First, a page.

It’s hard to overstate the importance of the work of Oscar Zariski. He learned algebraic geometry in early twentieth century Italy, picking up the passion for geometric intuition that characterized the Italian school but realizing soon that the subject needed surer foundations. He found these foundations in abstract algebra and, together with André Weil, remodeled the subject using those tools, thus preparing the way for the revolution that came with the work of Serre and (most of all) Grothendieck. He went well beyond foundations, of course, making important contributions to the geometry of algebraic surfaces, to the study of singularities and their resolution, and much else. Just the list of his PhD students, which includes such names as David Mumford, Heisuke Hironaka, Michael Artin, Shreeram Abhyankar, Robin Hartshorne, Steven Kleiman, and Pierre Samuel, would suffice to establish Zariski’s historical importance to the subject.

That was Zariski’s real life, in his own mind: “Geometry is the real life,” he is quoted as saying. This book, then, is about his “unreal” life, about the man who was born Ascher Zaritsky in Russia and renamed Oscar Zariski in Italy, the man who eventually became a towering mathematical figure in the United States.

*The Unreal Life* was originally published in 1991, and is here reprinted unchanged. Because the Zariski archives at Harvard were closed until 2001, Carol Parikh based her work mostly on interviews. Interviews with Zariski were conducted by Ann Kostant with the help of Mumford and Hironaka, who seem to have encouraged Parikh to turn them into this book. Parikh also talked to Zariski’s family and to various mathematicians who interacted with him. Zariski’s wife Yole provided many letters and photographs.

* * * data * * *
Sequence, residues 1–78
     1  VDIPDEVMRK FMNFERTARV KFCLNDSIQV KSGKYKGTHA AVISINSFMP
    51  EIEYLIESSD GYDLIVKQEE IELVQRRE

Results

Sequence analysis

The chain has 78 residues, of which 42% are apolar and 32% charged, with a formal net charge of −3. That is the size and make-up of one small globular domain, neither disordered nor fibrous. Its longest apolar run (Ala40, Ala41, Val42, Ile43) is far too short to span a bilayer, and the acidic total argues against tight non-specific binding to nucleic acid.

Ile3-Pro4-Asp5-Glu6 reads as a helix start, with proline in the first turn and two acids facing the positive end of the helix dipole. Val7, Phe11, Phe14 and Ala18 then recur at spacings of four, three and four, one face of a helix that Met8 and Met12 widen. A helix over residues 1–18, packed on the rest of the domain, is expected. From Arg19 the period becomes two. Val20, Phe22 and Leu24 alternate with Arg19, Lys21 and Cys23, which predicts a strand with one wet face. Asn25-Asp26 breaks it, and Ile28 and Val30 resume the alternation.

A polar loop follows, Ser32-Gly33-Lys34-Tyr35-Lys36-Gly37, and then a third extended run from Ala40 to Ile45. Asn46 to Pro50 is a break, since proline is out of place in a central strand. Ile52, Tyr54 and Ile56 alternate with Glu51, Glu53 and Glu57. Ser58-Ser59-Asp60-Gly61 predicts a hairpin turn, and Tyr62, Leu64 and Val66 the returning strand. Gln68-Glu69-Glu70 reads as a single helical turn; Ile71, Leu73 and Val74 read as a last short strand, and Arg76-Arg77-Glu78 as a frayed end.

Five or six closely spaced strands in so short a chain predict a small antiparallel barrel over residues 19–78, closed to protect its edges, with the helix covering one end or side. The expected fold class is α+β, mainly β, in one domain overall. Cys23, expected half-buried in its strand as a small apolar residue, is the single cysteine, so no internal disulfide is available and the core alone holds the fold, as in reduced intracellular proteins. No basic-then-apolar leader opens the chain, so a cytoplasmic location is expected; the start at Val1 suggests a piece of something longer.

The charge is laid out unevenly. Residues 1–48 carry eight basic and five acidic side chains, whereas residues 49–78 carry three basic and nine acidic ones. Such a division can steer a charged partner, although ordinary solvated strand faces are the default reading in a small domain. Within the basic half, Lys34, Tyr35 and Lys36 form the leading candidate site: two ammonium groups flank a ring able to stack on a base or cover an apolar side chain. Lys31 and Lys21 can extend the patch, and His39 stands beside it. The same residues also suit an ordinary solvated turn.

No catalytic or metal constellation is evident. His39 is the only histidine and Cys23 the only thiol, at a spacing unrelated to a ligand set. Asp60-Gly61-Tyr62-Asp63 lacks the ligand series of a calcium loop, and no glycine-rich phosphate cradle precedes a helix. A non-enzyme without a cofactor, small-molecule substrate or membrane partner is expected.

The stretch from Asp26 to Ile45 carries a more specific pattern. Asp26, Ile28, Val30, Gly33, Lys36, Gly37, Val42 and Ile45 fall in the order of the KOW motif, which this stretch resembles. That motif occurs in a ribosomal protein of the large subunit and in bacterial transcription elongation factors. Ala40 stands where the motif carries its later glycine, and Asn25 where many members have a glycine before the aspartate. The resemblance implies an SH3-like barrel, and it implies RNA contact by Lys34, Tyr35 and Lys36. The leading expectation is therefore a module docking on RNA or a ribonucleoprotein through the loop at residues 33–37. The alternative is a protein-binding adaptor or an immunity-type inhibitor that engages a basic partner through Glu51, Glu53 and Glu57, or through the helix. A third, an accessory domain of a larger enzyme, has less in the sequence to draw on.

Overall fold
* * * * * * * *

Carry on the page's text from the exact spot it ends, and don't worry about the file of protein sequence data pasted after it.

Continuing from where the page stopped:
One may get a sense of the style and focus of this biography by comparing the section about Zariski’s time in São Paulo to the corresponding section in André Weil’s *Apprenticeship of a Mathematician*. Both men were there at the same time, so that we have parallel accounts of the period. Both are short, but the account in Parikh’s book is mainly about Zariski’s conversations with Weil. We get no feeling at all about what the city was like, what the students were like, or what he thought about the mathematicians he met there. (Presumably, he was not impressed!) Weil’s account, by including the occasional bit of detail, gives a richer picture of the place. The difference, I suspect, is partly due to lack of sources: since Zariski and Yole were there together, there are no letters to her about what it was like for him, and there seem also to have been few non-mathematical memories. Perhaps also the timing was wrong: it was while he was in São Paulo that Zariski found out what had happened to his family during the Holocaust.

While the year in São Paulo is the clearest example, one comes to realize that it’s the same way throughout. Except in the chapters dealing with Zariski’s childhood, we hear mostly about Zariski and other mathematicians, about teaching and interacting with PhD students, and about Zariski’s mathematical ideas, dreams, and ambitions. There is a little bit about the social dynamics of some of the mathematics departments in which Zariski worked, but very little about family and friends, cultural pursuits, joys and pains. One doesn’t get any idea of what the old Harvard mathematics department at 2 Divinity Ave looked like, and the same is true in general: there is very little sense of place, even when such a sense would have been important. It is definitely Zariski the mathematician who is in focus here.

Zariski is described as an inspiring lecturer, but we never get a good sense of what his lectures were like. There is a long quote from Mumford attempting to describe them, but I’m afraid it didn’t make much sense to me. Clearly he did something right, however, since several of his students seem to have arrived at Harvard intending to study a different subject. Taking a course with Zariski changed their plans.